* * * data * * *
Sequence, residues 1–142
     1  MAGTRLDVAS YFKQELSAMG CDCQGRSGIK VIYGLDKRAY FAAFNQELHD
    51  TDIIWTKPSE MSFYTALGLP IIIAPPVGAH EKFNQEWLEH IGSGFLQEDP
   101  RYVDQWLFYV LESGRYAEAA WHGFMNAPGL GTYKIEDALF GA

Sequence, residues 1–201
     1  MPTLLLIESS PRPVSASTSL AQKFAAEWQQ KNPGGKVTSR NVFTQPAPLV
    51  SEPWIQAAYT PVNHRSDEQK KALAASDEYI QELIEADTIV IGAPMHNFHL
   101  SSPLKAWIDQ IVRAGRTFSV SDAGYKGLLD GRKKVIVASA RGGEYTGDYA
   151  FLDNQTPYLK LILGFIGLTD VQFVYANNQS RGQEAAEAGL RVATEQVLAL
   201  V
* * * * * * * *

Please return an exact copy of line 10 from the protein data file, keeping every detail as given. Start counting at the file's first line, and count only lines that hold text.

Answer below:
   201  V